The fate of territorial engineering: mechanisms of territorial power and post-liberal forms of international governance
Thompson, Grahame (2004) The fate of territorial engineering: mechanisms of territorial power and post-liberal forms of international governance. Working Paper. University of Warwick. Centre for the Study of Globalisation and Regionalisation, Coventry.
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Does there exist a genuine threat to the continuation of a broadly liberal international (and domestic) order, driven by the re-emergence of religious and secular fundamentalisms? This paper assesses this issue in the context of, first the rise of territorial power and then its fate in a period of globalization and the revival of religious intolerance. The twin concepts of sovereign-power and bio-power are deployed to investigate the emergence of territorial engineering in the 18th century. A key feature of modern fundamentalisms is that they promote and trade-off the deterritorialization of social, political, cultural and economic activity. It is argued that this is a manifestation of a new form of ‘spiritual martial power’. The risks associated with these developments should not be over-exaggerated but they exists nonetheless. If this is the case, the problem becomes one of how to re-territorializes the activities and disputes engendered by this reappearance and re-emergence of spiritual martial power with its link to religious fundamentalism. Here the argument is that this requires a re-examination of the nature of international borders, and indeed a re-emphasis on their role, not just in respect to containing disorder and restoring the capacity for governance, but also as a way of re-configuring international toleration and of righting a wrong.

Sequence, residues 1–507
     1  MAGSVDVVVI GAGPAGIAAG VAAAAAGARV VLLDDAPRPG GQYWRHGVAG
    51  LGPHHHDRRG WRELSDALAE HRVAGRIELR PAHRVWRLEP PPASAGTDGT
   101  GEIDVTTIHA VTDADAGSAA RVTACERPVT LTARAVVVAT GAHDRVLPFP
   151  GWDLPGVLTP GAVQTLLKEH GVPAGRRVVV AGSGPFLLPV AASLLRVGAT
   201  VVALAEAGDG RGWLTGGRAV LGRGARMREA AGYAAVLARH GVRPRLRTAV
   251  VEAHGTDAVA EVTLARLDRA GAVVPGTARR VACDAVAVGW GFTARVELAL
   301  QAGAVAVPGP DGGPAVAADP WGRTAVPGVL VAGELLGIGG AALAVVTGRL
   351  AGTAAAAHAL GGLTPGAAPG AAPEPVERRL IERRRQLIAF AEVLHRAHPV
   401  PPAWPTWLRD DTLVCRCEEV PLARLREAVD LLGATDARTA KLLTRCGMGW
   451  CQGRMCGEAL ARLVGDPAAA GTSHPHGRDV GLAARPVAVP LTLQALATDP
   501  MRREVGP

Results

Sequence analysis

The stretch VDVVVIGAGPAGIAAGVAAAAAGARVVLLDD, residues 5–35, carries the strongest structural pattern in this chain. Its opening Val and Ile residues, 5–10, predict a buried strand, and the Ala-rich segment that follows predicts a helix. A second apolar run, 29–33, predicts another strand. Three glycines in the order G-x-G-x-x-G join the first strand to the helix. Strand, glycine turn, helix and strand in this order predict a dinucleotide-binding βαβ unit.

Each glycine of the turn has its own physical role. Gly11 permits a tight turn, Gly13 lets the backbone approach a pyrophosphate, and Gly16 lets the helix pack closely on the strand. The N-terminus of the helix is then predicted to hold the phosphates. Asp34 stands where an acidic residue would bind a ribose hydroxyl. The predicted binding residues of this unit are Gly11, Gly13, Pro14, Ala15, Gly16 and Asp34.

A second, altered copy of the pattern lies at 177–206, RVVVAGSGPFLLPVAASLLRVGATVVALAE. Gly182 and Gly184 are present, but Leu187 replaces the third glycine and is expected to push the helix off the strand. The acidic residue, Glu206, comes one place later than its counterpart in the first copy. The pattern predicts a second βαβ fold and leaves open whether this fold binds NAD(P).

|Item Type:||Working or Discussion Paper (Working Paper)|
|Subjects:||J Political Science > JZ International relations|
|Divisions:||Faculty of Social Sciences > Centre for the Study of Globalisation and Regionalisation|
|Library of Congress Subject Headings (LCSH):||Territory, National, Liberalism, Religious fundamentalism, Sovereignty, International relations|
|Series Name:||Working papers (University of Warwick. Centre for the Study of Globalisation and Regionalisation)|
|Publisher:||University of Warwick. Centre for the Study of Globalisation and Regionalisation|
|Place of Publication:||Coventry|
|Number of Pages:||29|
|Status:||Not Peer Reviewed|
|Access rights to Published version:||Open Access|
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